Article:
- Cure the pink Himalayan soap bars by placing the bars on a layer of grease-proof paper in an out-of-the-way low-humidity place. It should be airy, out of direct sunlight, and away from curious pets and kiddos. Leave them there for a whole month before using the bars.
- Once made, the soap will have a shelf-life of up to two years. The shelf life is dependant on the exact ingredients you used, though — look on all of the backs of the bottles and the closest date is your soap's best-by date.
So I just produced a version of this myself- had to modify a few things based on my ingredients at hand. I asked salt bar related question on Reddit and was really surprised to have someone say “never use Himalayan salt” and “pink Himalayan salt will cut your skin” and feel awful and so on! I’m no expert but easily found numerous recipes using Himalayan salt …. Have you ever heard such a thing?! I won’t be trying mine for a few weeks but really wondering what an expert (you!) would say to that!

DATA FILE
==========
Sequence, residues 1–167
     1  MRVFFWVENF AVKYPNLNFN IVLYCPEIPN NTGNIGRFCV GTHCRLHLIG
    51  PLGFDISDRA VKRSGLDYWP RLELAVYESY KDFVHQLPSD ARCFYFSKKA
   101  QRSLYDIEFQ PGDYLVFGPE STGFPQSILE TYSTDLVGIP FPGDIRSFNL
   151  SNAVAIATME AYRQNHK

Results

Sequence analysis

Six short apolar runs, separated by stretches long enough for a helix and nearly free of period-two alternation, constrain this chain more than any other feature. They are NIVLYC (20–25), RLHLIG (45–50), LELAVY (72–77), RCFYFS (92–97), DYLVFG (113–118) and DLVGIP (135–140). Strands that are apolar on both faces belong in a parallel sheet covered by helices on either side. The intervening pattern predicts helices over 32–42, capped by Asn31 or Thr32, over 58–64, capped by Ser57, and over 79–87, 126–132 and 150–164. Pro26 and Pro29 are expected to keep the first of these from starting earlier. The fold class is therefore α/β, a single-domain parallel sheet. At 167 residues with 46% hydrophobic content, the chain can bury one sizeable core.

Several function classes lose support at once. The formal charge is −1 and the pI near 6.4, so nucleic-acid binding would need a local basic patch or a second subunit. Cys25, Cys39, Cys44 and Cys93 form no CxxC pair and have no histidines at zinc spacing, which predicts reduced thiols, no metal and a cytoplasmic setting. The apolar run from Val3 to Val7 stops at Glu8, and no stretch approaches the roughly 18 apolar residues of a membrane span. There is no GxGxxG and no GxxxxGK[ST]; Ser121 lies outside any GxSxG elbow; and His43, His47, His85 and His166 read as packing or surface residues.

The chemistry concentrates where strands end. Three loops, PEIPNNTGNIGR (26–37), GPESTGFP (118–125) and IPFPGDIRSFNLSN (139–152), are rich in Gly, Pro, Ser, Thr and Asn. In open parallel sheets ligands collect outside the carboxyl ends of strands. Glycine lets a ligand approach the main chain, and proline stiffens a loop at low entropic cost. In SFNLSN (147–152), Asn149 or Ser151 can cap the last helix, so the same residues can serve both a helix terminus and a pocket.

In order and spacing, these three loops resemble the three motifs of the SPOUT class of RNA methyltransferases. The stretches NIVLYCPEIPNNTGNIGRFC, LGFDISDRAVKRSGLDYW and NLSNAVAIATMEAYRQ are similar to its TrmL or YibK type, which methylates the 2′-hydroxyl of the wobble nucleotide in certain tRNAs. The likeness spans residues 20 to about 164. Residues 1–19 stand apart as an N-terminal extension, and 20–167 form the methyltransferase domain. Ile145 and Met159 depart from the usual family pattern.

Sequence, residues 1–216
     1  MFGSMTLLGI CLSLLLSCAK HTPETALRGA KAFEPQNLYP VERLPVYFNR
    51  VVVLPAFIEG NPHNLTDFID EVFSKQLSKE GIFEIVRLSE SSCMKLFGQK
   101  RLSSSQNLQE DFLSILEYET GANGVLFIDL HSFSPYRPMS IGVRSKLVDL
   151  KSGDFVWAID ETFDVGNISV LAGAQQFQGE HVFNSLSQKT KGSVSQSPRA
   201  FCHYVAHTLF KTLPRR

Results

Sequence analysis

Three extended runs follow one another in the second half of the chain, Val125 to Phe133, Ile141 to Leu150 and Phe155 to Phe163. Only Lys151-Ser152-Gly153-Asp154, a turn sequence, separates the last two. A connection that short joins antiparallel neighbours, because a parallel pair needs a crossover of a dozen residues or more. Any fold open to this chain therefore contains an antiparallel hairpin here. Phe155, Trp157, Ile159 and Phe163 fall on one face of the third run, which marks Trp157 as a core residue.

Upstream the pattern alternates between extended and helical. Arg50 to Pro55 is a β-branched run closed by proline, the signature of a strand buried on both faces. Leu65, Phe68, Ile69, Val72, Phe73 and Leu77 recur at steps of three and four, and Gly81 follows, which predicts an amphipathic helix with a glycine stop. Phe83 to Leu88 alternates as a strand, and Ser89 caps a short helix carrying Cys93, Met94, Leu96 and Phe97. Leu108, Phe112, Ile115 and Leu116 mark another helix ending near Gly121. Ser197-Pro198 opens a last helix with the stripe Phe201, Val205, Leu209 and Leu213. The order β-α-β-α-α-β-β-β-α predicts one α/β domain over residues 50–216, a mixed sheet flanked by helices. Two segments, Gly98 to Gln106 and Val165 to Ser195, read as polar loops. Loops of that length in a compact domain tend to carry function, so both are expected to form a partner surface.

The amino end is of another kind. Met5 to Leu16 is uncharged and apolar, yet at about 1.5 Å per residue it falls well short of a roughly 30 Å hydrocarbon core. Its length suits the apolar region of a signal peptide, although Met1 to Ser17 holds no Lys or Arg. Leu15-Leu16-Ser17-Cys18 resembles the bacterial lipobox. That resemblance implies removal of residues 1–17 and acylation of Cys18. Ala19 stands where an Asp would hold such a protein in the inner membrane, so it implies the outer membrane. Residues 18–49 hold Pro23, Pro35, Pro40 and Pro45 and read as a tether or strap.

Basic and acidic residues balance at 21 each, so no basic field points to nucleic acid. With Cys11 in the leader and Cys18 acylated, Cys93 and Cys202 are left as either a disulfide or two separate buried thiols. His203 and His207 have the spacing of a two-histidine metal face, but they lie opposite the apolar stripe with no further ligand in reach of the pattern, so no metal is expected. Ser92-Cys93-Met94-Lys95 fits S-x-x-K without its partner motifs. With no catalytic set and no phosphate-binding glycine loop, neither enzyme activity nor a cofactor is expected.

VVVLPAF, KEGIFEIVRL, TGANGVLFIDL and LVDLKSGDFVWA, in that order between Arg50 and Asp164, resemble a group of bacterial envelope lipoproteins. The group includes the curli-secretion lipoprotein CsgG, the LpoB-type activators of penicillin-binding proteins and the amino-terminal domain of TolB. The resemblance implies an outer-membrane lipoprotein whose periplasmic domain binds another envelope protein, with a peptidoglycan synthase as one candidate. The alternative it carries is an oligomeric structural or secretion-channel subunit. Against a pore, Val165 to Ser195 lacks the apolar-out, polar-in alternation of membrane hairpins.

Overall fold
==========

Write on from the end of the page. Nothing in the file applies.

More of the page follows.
Love your blog! Have tried several things and your great inspiration.
Hello, and thank you :) In texture and cutting potential, Himalayan salt is no different from table salt or sea salt. The fine-grained Himalayan salt in this soap recipe cannot cut you, but it does create an exfoliating bar if you use it directly on the skin. The coarse-grained salt for decoration could probably do some damage if you decided you wanted to hurt yourself. It would take some perseverance and intense dry scrubbing for that to happen, though! As soon as you start wetting and using salt bars, the edges of the coarse salt pieces start wearing away anyway. The person on Reddit sounds like one of those people who tries to find the negative/alarming side to everything. Plenty of those on the internet.
Dear Tanya, your soaps and everything else are lovely! Your recipes and explanations on them are absolutely clear! I feel really grateful to you for making them available to anyone who might like to reproduce them. Tropical regards from Brazil
Thank you for the message, Hélvia, and I’m so pleased to hear your feedback. It’s much appreciated :)